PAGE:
"This anthology of Negro writings is the work of a scrupulously sympathetic white man. It is the best of such anthologies and the most diversified, comprising the literature of the folk—spirituals, blues, labor songs—the writings of professionals—short story, novel, drama, poetry—essays by Negroes upon the culture, history, and economics of the American Negro, and lastly autobiography. Quite a complete picture of the Negro living, laboring, and creating in these domains, as painted by the Negro himself in the words of lowly and elect." [ . . . ] "I for one do not think Calverton [in his introductory essay] exaggerates the vital importance of the Negro writer in America, but that importance is mostly, I believe, more potential than realized, more in the folk-utterances than in the writings of the professional. I do not find Cullen the artist a great leap beyond Phillis Wheatley, nor Langston Hughes the folk-poet beyond Paul Dunbar—insofar as conceptions of art are concerned." [¶] "Calverton observes the denial of inherent folk vivacity in the effete phraseology of the Negro artist but thinks a reaction to this false literariness is now at work. That is true, I do not doubt; but has the reaction as yet established a positive, creative attitude? I should say it has in the poems of James Weldon Johnson, 'God's Trombones,' not great poems but indicative of the understanding of art. No Negro poet has as yet found in Toomer's poems [in "Cane"] the lesson they contain in the blending of two heritages, English poetry and folk experience. Most of the fiction by Negroes is more interesting as document than as literature. But that might be said of the major portion of American fiction. The story by Eric Walrond ["The Yellow One"] is a superior example of the Negro's failure to find a pertinent method for his singular material. To be 'colourful' is not enough. Walrond's work shows vital literary promise, but he must learn to see his stuff through other eyes than those of a Conrad or a Hergesheimer." [¶] "I support Calverton in his enthusiasm for the growth of the Negro in the American environment. If the black man's writings are still, as I see them, indeterminate, there is within them the suggestion of the new Negro who takes the white man's evaluation of his black fellow-countrymen with some counterthrust. The Negro is looking for other material than the white man's ideas of the black man's experience. He begins to look at his too-manifest virtues and vices with the eye of suspicion, of sacrilege. In this he is tagging behind his popular "artistes", like the late Florence Mills." [¶] "This anthology is the record of the progress of the Negro toward self-esteem and self-assertion. It is this progress, underlined with social references, that V. F. Calverton elucidates in his introduction. Once the self-esteem and self-assertion are permanent and unvacillating, the literature by the Negro in America will be a major force wielded by a minority. The future of America is inextricably joined with the rise of the minorities, racial, philosophic, economic. The last is a minority of status, the first two minorities of status and numbers."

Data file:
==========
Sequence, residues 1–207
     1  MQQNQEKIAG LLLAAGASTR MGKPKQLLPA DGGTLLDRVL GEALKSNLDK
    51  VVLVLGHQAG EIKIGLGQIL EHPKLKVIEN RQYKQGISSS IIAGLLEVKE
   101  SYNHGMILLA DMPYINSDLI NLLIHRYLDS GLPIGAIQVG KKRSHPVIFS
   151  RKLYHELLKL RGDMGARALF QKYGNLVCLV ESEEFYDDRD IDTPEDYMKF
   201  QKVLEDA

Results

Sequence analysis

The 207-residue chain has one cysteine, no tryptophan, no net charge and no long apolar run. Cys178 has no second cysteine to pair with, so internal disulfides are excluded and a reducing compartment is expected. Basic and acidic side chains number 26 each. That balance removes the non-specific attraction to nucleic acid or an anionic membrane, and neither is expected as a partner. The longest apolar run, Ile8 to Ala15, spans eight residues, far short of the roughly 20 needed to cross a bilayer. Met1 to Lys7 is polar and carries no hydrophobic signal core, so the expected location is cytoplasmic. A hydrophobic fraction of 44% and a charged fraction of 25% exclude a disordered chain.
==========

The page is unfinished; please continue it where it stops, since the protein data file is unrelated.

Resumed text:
• Nelson, John Herbert. Review of "Anthology of American Negro Literature." "American Literature" 2.1 (1930): 104-05. JSTOR.
"Mr. Calverton's collection of writings by American negroes [sic] differs conspicuously from other collections in being better rounded, including as it does specimens of the drama, poetry, the short story, and the essay (historical, sociological, and literary) as well as chapters from seven novels and three autobiographies. In the choice of selections some attempt was made to show historical development, although the work is not strong in this particular. Only one poem by Phyllis Wheatley is included, and only one each by Albert A. Whitman, Frances E. Harper, and James Madison Bell; there is no line from William Wells Brown or Samuel R. Ward; Frederick Douglass speaks for the whole group of fugitive slaves who wrote narratives of their lives. Most of the authors represented, in fact, are strictly contemporary; and a number of them are young leaders: college teachers, journalists, agitators in the cause of social reform" (104).
"The excerpts are preceded by a vigorously written introduction, in which the editor maintains, among much else, that whereas the white man in this country has merely 'continued, and in an inferior manner, a culture of European origin,' the negro has developed a culture 'distinctly and undeniably American.' The contributions made by the negro, declares Mr. Calverton, 'constitute America's chief claim to originality in its cultural history. In song, the Negro spirituals and to a less extent the Blues; in tradition, Negro folk-lore; and in music, Negro jazz--these three constitute the Negro's contribution to American culture.' All this has undoubted point in the discussion of musical forces and influences in the United States, but bears but slightly on the writings collected in this volume. . . . Even the well-known spirituals . . . belong primarily to the domain of music, and only incidentally to that of poetry; and the same is true of the labor songs and the 'blues'" (104-05).